Rebecca de Winter
It seems like a hundred years ago, but back in May, I wrote a piece when Marco Rubio endorsed Trump, saying he would be “honored to speak on Trump’s behalf.” I wasn’t surprised by it, and I said so. I also praised Ted Cruz for his steadfast character in refusing to endorse. Fast forward to the present, and I have a disgusting taste in my mouth from all the crow I’ve had to eat.
To say I was devastated when Cruz endorsed Trump last week is an understatement. I had heard rumors and whispers for at least a week before that, and I scoffed. After all, this was the guy who had the cojones to refuse to endorse Trump at the Republican Convention! He delivered a powerful, moving speech that had me whooping with joy and cheering. When he told attendees and viewers to “vote your conscience,” I had never felt more proud of him, and more vindicated in my long history of defending him as one of the rarest of breeds: a politician with unwavering principles and integrity. He was booed off the stage, but he could hold his head high.
Not for long, it turned out.
RedState writer Jay Caruso was right on the money in a piece he published shortly after the endorsement:
“We want to think the politicians we support are all like Jefferson Smith, ready to take on Washington DC first and then, the world. The reality is, self-interest and political survival take center stage for most politicians, no matter the circumstances.”
Why on earth did I believe Cruz was an exception? I have a list a mile long of the reasons why, but it is a tremendous failure on my part that I left out an obvious and glaring truth: he is, first and foremost, a politician.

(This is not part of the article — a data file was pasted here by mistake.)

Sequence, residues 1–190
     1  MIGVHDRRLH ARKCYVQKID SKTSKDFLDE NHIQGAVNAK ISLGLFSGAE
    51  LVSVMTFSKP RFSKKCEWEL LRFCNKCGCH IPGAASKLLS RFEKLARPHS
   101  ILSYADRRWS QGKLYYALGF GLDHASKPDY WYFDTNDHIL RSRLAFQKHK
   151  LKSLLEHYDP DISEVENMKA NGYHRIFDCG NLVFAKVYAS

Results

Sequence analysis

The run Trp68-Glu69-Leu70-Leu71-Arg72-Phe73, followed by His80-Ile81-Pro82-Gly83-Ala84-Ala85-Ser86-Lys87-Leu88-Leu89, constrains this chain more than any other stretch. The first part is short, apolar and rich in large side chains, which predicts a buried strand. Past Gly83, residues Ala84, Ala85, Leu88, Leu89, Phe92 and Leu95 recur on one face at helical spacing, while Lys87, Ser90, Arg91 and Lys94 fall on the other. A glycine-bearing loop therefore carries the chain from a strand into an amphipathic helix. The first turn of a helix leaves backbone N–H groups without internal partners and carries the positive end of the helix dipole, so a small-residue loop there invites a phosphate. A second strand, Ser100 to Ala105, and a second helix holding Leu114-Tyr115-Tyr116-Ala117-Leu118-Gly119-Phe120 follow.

I think the most painful aspect of all this is that not only did he obviously make this decision out of pure political calculation, but that it was such an embarrassingly erroneous one. The astute journalist and Texas Monthly senior editor Erica Grieder (I dub her “The Cruz Whisperer”) wrote a scathing, yet fair assessment of exactly why Cruz will rue the day he made this disastrous gamble. (Her outstanding piece, “The Field Guide to Ted Cruz,” is required reading for any political junkie)
As of now, I’ve moved through all the phases of my grief - denial, anger, bargaining, depression and acceptance. What I said about Rubio (that I still like him, that I don’t think he’s a bad person) also applies to Cruz. But my conclusion still stands, this time for both of them: as they say, “fool me once, shame on you - fool me twice, shame on me.” I won’t be fooled again.
Just a gaggle of people from all over who have similar interests and loud opinions mixed with a dose of humor. We met on Twitter.